United States District Court, W.D. Missouri, Central Division
December 1, 2014
IRENE MARIA ZIMBOBWE SCHWARTZE BRAMBLETT, Plaintiff,
CITY OF COLUMBIA, MISSOURI, et al., Defendants
For Irene Maria Zimbobway Schwartze Bramblett, Plaintiff: Marjorie M. Lewis, Robert C. Colbert, LEAD ATTORNEYS, Brown, Willbrand, Simon, Powell & Lewis, PC, Columbia, MO; Wally Bley, LEAD ATTORNEY, Bley & Evans, LC, Columbia, MO.
For City of Columbia, Missouri, Michael Matthes, Kenneth Burton, Defendants: Remington Barrett Smith, LEAD ATTORNEY, Benjamin Allen Stelter-Embry, Matthew Justin Gist, Ensz & Jester, PC, Kansas City, MO.
For Cavanaugh Noce, Deputy City Counselor, City of Columbia, Defendant: Matthew Justin Gist, LEAD ATTORNEY, Benjamin Allen Stelter-Embry, Ensz & Jester, PC, Kansas City, MO.
NANETTE K. LAUGHREY, United States District Judge.
Defendants' motion for partial judgment on the pleadings and Defendant Cavanaugh Noce's motion to dismiss, Doc. , is granted in part and denied in part. Defendant Noce's motion to dismiss Counts III and IV of Plaintiff's First Amended Complaint against him is granted. Defendants' motion to dismiss Counts I through III against all other Defendants is denied.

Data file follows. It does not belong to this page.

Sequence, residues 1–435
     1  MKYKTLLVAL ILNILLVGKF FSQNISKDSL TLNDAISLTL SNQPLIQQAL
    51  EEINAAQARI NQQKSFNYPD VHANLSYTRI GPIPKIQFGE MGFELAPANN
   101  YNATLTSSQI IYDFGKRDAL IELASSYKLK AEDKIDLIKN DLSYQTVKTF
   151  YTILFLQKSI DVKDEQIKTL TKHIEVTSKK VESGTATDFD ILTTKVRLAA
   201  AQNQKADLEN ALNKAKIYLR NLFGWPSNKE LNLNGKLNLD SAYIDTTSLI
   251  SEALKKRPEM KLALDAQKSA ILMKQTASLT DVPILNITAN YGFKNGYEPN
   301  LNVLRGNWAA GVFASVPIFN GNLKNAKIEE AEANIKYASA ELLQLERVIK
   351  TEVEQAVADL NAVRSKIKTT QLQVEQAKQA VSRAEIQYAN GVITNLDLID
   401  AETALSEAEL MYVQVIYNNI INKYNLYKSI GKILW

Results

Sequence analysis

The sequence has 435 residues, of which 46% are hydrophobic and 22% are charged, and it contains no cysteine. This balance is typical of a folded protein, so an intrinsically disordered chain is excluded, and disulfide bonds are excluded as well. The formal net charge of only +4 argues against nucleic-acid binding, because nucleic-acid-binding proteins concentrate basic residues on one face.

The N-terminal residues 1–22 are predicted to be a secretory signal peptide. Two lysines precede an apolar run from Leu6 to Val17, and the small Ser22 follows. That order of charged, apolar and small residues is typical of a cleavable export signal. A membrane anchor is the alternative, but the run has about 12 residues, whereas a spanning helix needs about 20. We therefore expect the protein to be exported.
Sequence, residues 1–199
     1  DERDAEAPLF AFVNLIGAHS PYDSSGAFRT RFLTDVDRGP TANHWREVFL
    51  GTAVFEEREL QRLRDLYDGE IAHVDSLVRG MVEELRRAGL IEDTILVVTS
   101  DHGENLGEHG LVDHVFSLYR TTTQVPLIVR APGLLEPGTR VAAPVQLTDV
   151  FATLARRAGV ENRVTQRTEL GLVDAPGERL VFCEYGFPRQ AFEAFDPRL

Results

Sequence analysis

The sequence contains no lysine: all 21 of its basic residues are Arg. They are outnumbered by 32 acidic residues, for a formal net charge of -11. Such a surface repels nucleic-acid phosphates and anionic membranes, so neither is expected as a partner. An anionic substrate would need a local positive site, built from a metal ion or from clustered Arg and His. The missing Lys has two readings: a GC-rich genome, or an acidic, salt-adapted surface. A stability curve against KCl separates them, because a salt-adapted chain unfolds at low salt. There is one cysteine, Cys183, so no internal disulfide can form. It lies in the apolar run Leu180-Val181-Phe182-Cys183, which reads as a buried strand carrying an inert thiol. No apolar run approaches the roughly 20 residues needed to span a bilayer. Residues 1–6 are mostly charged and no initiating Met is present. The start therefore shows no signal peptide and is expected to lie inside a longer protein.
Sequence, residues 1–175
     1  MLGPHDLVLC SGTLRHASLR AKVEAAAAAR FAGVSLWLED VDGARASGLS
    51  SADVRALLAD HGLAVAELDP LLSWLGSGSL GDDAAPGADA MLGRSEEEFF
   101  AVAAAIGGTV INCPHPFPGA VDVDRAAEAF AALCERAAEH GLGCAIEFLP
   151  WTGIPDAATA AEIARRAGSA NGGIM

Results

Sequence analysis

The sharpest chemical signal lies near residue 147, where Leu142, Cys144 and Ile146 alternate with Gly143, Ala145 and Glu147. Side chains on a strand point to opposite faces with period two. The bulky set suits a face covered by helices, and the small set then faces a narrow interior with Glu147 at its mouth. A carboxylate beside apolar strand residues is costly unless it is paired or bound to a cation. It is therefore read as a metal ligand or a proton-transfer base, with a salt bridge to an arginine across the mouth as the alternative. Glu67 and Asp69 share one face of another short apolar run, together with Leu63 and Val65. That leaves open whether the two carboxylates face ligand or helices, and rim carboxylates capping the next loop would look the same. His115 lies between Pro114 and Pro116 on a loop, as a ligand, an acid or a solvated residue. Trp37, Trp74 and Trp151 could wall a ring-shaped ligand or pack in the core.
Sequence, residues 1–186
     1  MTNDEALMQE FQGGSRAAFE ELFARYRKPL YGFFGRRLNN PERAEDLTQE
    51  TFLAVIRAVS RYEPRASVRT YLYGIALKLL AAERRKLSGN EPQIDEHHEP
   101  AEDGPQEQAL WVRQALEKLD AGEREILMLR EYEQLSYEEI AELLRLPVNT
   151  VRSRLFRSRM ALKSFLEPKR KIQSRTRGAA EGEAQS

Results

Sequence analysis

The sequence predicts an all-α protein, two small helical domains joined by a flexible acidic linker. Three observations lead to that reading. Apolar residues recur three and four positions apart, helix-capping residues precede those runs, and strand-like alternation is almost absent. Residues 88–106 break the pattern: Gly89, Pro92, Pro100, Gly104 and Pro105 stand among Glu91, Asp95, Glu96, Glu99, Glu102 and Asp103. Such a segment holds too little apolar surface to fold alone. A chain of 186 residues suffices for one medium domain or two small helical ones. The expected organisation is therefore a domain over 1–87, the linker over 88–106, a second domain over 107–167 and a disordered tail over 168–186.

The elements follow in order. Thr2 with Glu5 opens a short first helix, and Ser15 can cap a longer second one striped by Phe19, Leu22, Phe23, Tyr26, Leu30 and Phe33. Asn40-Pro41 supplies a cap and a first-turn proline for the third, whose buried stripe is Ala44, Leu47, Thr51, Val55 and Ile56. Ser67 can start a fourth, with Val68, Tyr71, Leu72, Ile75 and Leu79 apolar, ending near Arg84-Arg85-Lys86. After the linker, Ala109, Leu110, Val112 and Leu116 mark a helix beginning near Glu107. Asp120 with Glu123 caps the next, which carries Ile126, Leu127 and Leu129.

I. Pleading Standard
Defendants bring their motion under Federal Rule of Civil Procedure 12(b) (6) and 12(c). The Rules require that a plaintiff plead sufficient facts to state a claim upon which relief may be granted. " To survive a motion to dismiss, a complaint must contain sufficient factual matter, accepted as true, to 'state a claim to relief that is plausible on its face.'" Ashcroft v. Iqbal, 556 U.S. 662, 678, 129 S.Ct. 1937, 173 L.Ed.2d 868 (2009) (citations omitted). In determining whether the complaint alleges sufficient facts to state a plausible claim to relief, all factual allegations made by the plaintiff are accepted as true. Great Plains Trust Co. v. Union Pac. R.R. Co., 492 F.3d 986, 995 (8th Cir. 2007) (noting that legal allegations are not accepted as true). If the facts in the complaint are sufficient for the court to draw a reasonable inference that the defendant is liable for the alleged misconduct, the claim has facial plausibility and will not be dismissed. Iqbal, 556 U.S. at 678.